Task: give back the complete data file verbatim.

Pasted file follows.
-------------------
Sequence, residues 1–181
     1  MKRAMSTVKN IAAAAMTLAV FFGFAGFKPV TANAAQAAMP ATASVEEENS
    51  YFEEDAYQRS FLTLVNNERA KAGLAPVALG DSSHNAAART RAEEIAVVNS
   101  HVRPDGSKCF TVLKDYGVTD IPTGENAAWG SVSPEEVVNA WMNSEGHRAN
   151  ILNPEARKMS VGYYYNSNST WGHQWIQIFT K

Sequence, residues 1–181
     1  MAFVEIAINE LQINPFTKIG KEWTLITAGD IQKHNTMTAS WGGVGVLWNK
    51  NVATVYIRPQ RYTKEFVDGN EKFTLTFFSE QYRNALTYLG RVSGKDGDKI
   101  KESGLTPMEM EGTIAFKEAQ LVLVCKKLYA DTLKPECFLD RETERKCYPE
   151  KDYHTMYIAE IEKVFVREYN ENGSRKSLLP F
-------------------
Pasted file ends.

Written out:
Sequence, residues 1–181
     1  MKRAMSTVKN IAAAAMTLAV FFGFAGFKPV TANAAQAAMP ATASVEEENS
    51  YFEEDAYQRS FLTLVNNERA KAGLAPVALG DSSHNAAART RAEEIAVVNS
   101  HVRPDGSKCF TVLKDYGVTD IPTGENAAWG SVSPEEVVNA WMNSEGHRAN
   151  ILNPEARKMS VGYYYNSNST WGHQWIQIFT K

Sequence, residues 1–181
     1  MAFVEIAINE LQINPFTKIG KEWTLITAGD IQKHNTMTAS WGGVGVLWNK
    51  NVATVYIRPQ RYTKEFVDGN EKFTLTFFSE QYRNALTYLG RVSGKDGDKI
   101  KESGLTPMEM EGTIAFKEAQ LVLVCKKLYA DTLKPECFLD RETERKCYPE
   151  KDYHTMYIAE IEKVFVREYN ENGSRKSLLP F